2011 Domaine A. – F. Gros, Vosne-Romanee “Clos de la Fontaine” Monopole, Red Burgundy, France.
Know for high quality, solid performances and exacting purity the Domaine A. F. Gros, which was formed in 1988, and based in Pommard in the Cote de Beaune, crafts small lot Burgundies with grapes sourced from inherited plots in some of the region’s best Crus, including this tiny Clos de la Fontaine Monopole in the Cote de Nuits’ famous village of Vosne-Romanee, it is a stunning rarity and this 2011 was a thrill to taste. This is very elegant and transparent Pinot Noir with an exceptional layering of flavors that includes black cherry, crushed raspberry, mulberry and Moro orange fruits and smoky sweet oak accents that are luxurious, but not aggressively overt, along with tea spices, stony notes and potpourri. The nose, which was slightly shy at first opens to reveal violets and rose floral detail equalizing the red fruits and barrel elements. I’ve had a few of the A. F. Gros wines over the years and have always enjoyed the style and balance in them, I especially remember their Richebourg Grand Cru fondly, I mean who wouldn’t? The current wines are made by Mathias Parent (Gros), who is the 13th generation of Parent to make wine in the Burgundy region and who’s ancestors even sold wine to Thomas Jefferson. Mathias took over from his mother Anne-Françoise Gros, who’s name graces the labels and who was the daughter of the legendary Jean Gros and has continued with domaine’s traditional methods in the cellar, especially trying to promote clarity and expressive fruit in his wines.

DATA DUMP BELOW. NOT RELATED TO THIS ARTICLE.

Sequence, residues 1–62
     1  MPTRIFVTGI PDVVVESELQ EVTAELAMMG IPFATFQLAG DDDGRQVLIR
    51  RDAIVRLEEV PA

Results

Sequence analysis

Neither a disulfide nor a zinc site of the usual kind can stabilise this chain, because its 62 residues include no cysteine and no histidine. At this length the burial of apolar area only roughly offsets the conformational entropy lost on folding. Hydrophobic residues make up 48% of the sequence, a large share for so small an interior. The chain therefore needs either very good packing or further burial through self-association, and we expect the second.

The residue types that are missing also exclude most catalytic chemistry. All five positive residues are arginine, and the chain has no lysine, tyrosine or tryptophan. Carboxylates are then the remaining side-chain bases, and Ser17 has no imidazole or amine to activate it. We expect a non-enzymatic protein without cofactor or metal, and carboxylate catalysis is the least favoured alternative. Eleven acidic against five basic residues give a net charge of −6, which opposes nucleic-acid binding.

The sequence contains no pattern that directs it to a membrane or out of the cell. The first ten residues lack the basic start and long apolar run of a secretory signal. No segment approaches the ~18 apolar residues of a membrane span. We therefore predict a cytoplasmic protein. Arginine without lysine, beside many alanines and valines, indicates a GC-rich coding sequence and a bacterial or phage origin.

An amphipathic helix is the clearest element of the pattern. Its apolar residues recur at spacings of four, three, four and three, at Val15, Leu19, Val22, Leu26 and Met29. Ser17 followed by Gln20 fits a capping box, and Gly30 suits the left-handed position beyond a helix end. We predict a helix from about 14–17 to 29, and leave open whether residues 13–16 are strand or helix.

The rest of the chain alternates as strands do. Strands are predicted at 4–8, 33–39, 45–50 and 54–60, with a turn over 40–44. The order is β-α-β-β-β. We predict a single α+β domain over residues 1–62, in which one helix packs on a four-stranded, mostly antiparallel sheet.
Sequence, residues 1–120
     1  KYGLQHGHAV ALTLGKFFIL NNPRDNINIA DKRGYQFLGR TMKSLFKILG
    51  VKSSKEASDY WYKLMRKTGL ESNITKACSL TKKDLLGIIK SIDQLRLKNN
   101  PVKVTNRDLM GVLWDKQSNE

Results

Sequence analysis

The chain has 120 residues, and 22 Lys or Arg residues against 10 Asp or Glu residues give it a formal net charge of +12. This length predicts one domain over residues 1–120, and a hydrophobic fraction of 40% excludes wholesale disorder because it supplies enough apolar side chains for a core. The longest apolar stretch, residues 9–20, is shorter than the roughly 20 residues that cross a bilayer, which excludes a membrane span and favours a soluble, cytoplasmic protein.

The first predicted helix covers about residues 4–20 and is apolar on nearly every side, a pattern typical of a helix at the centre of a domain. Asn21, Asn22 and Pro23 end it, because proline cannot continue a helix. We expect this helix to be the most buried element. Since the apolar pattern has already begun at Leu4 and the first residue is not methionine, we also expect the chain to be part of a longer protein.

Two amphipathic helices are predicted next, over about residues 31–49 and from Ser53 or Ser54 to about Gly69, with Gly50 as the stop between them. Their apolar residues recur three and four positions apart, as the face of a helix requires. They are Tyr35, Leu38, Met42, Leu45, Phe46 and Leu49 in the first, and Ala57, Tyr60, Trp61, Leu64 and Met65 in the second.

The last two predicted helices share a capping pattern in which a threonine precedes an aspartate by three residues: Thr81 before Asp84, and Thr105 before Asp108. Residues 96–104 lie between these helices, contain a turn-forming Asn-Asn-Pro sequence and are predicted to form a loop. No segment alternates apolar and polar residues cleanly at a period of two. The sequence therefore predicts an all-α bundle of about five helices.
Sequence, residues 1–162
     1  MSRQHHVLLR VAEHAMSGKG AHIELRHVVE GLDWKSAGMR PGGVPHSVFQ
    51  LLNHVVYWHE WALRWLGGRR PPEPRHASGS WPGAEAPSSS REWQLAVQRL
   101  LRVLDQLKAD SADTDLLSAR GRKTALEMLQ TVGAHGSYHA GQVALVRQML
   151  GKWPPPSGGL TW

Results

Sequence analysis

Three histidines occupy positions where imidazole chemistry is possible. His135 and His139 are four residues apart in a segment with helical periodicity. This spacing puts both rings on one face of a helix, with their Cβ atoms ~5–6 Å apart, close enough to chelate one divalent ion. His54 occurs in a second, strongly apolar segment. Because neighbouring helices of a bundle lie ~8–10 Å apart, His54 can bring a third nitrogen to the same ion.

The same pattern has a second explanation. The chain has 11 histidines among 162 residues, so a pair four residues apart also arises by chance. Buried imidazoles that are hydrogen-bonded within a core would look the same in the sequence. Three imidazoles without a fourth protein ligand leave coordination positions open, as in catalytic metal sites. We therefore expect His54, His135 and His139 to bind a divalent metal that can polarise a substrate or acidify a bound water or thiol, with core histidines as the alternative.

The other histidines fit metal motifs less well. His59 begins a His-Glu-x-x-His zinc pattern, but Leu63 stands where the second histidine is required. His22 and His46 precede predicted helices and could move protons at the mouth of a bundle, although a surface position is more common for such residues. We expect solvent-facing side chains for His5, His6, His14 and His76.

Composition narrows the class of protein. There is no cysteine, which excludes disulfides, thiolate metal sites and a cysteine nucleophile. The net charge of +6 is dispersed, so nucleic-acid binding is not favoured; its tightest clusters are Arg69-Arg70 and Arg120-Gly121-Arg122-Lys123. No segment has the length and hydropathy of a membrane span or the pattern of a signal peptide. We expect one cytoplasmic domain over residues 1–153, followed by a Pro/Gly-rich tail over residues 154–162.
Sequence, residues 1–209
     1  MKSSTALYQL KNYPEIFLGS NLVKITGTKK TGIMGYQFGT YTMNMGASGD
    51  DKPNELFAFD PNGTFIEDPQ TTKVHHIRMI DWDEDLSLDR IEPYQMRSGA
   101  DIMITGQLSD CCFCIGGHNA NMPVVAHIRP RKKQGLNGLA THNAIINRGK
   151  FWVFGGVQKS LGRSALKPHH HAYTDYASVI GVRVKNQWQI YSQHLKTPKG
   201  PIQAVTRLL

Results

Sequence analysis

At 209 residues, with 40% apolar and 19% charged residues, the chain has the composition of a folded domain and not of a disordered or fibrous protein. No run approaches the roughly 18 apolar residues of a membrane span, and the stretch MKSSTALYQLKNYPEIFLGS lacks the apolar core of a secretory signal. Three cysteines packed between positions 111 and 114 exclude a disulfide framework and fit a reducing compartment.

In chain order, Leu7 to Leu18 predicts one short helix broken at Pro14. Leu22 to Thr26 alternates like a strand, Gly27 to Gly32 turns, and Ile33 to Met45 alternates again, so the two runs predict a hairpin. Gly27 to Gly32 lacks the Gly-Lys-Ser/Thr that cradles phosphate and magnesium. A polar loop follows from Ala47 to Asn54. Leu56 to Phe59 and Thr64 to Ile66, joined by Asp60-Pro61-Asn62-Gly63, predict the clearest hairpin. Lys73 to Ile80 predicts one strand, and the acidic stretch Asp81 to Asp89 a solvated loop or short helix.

The estate vines are farmed mostly to organic practices, within reason or as the French say lutte raisonée, and the grapes are all hand tended with serve selections and small yields to achieve concentration and richness in the wines. Mathias used carefully sorted de-stemmed grapes for each of his red Burgundies, including this special Lieu-Dit offering, with the primary fermentation being done in stainless steel with thermal regulation to keep temps down and with about three weeks of maceration with daily punch downs to extract as much flavor, structure and color. Once the wine is dry, the village level and lieu-dit bottlings are racked to French oak barriques with 40% usually, depending on the depth of the vintage and aged 12 months. The oak treatment delivers an opulence, but, as noted, doesn’t hurt the finished wine, though the Premier and Grand Crus, which see much more new wood take a little longer to integrate as you’d expect, while the village and this one can be enjoyed in their youth. The A. F. Gros label is almost exclusively Pinot Noirs with 10 hectares in top sites, in the whole Cote d’Or, like Flagey-Échezeaux, Vosne-Romanée, Savigny-lès-Beaune, Chambolle-Musigny and Pommard. These are sleek, satiny textured and well detailed Burgundies that are very classic and compelling with pretty personalities, with this Vosne-Romaneee Clos de la Fontaine being a tasty treat indeed and well worth searching out. The 2011 vintage, not known as a great vintage, is full of wonderful surprises and there are some great drinking wines to be had with this one very much impressing me.
($100 Est.) 93 Points, grapelive

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